I acquired a vintage 10 speed Healing Commuter made in New Zealand, rode it everyday and treated it pretty poorly. No regular maintenance, chained it on the street come rain or shine. Having grown fond of it I decided I would do a complete over haul.

Fast forward 6 months, it’s a new colour and all the mech is working well... independently.

The bike has all its original parts except:

  • The derailleur now a Shimano Tourney 6 speed SIS
  • Both wheels now Shimano specialised pro mondo with a 6 speed cassette and
  • A new chain now a 7mm SRAM chain with a quicklink.

The crankset is a Shimano Front Freewheel System - from what I can tell, the FFS was pretty low end and a solution in search of a problem, to quote Sheldon.

Sadly my first ride was lack-luster thanks to a knock. When pedaling with gusto, something in the crank system is slipping so the rider experiences the pedal engaging normally followed by no opposite force from the pedal followed by the pedal engaging normally again. This occurs rhythmically and on both sides, when left foot is leading then right then left etc.

I’m wondering if it’s something to do with the crankset being a freewheel system plus the free hub system in the considerably newer wheels?

Maybe it’s an error I made in the rebuild of the crank?

Any crank troubleshooting tips would be much appreciated.


The Bike, have re-routed the cabling along the toptube[![][1]][1] close up of the Shimano Front Freewheel System

  • 1
    Did you replace the chain too?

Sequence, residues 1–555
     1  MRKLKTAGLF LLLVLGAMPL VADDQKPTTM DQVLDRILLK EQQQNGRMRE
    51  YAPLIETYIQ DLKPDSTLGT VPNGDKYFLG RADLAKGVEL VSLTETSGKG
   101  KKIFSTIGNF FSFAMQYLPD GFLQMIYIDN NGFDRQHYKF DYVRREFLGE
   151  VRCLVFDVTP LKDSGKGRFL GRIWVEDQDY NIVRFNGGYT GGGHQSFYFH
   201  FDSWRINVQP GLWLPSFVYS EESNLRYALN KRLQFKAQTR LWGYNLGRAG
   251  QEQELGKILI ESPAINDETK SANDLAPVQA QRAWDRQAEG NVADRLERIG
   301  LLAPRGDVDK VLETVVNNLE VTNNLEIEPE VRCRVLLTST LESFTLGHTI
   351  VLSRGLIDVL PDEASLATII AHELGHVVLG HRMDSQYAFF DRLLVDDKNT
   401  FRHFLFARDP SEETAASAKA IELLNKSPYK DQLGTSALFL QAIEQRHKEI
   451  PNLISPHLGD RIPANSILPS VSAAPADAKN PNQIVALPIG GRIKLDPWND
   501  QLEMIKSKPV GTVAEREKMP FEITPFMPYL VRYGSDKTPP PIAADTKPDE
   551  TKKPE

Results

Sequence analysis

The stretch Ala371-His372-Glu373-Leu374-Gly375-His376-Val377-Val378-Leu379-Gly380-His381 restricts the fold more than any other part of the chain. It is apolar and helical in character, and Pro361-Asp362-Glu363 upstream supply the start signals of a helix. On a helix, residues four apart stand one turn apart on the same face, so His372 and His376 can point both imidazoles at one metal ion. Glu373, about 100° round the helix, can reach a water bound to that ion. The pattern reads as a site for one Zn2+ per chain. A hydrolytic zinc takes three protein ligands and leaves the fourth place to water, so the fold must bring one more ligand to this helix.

– Wsal
    Feb 6, 2020 at 5:27
  • 1
    Yes I did, with a 7mm SRAM chain with a quicklink.
    – Mech_smith
    Feb 6, 2020 at 5:43
  • 1
    So you cleaned and refitted the original front chainring and cranks? Or is the "Shimano Front Freewheel System" something you added? From memory that was a way of allowing the chainrings to rotate forward with the crank arms stationary. I've never seen one in the wild, a photo might help. This sounds fixable, so do persevere!
    – Criggie
    Feb 6, 2020 at 8:56
  • 2
    Did you replace the cassette with a new one? Its possible the new chain is slipping on an old worn cassette. If the cassette has individual cogs you might get away with flipping each cog, but the splines don't quite line up and some filing is needed. Does it happen in all gears? Basically need to identify what is slipping.
    – Criggie
    Feb 6, 2020 at 8:58
  • 2
    @Criggie I suspect that the front freewheel is slipping. If so it should be reproducible standing still. Chain slip is difficult to reproduce.
    – David D
    Feb 8, 2020 at 16:08

2 Answers 2


I had a Schwinn World Tourist and those had the freewheel system, too. It might... might be because you have two freewheels. The bikes that had those, had fixed gears on the wheel, since it was the crank that coasted. And yes, the whole point of the system was so you could change gears by coasting.


I've finally gotten to the bottom of the bottom bracket problem.

The thread inside the spindle was worn and the NDS crank arm was moving independently from the DS crank arm.

Have replaced the FFS with a cup and cone BB with a retro chain guard, which is now engaging nicely.

Still have, what I now know is chain slip, just got to sus out whether its the chainrings or the free hub.

Thanks for all your troubleshooting.

BB with retro chainguard

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